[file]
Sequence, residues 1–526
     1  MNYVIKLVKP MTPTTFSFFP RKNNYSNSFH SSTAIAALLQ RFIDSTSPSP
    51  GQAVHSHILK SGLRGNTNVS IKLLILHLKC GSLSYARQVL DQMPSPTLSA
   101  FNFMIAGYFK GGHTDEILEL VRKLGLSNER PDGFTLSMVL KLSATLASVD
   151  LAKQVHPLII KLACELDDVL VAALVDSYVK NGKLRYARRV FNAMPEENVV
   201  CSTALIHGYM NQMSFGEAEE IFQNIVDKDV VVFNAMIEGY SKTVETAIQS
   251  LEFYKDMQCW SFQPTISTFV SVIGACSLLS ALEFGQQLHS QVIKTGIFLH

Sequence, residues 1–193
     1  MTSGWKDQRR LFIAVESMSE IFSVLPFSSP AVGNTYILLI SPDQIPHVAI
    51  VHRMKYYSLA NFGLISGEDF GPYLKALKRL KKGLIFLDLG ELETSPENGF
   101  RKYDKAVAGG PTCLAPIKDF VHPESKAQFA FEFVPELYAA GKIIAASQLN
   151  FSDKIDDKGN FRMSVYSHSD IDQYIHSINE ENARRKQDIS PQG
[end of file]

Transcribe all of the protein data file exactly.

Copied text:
Sequence, residues 1–526
     1  MNYVIKLVKP MTPTTFSFFP RKNNYSNSFH SSTAIAALLQ RFIDSTSPSP
    51  GQAVHSHILK SGLRGNTNVS IKLLILHLKC GSLSYARQVL DQMPSPTLSA
   101  FNFMIAGYFK GGHTDEILEL VRKLGLSNER PDGFTLSMVL KLSATLASVD
   151  LAKQVHPLII KLACELDDVL VAALVDSYVK NGKLRYARRV FNAMPEENVV
   201  CSTALIHGYM NQMSFGEAEE IFQNIVDKDV VVFNAMIEGY SKTVETAIQS
   251  LEFYKDMQCW SFQPTISTFV SVIGACSLLS ALEFGQQLHS QVIKTGIFLH

Sequence, residues 1–193
     1  MTSGWKDQRR LFIAVESMSE IFSVLPFSSP AVGNTYILLI SPDQIPHVAI
    51  VHRMKYYSLA NFGLISGEDF GPYLKALKRL KKGLIFLDLG ELETSPENGF
   101  RKYDKAVAGG PTCLAPIKDF VHPESKAQFA FEFVPELYAA GKIIAASQLN
   151  FSDKIDDKGN FRMSVYSHSD IDQYIHSINE ENARRKQDIS PQG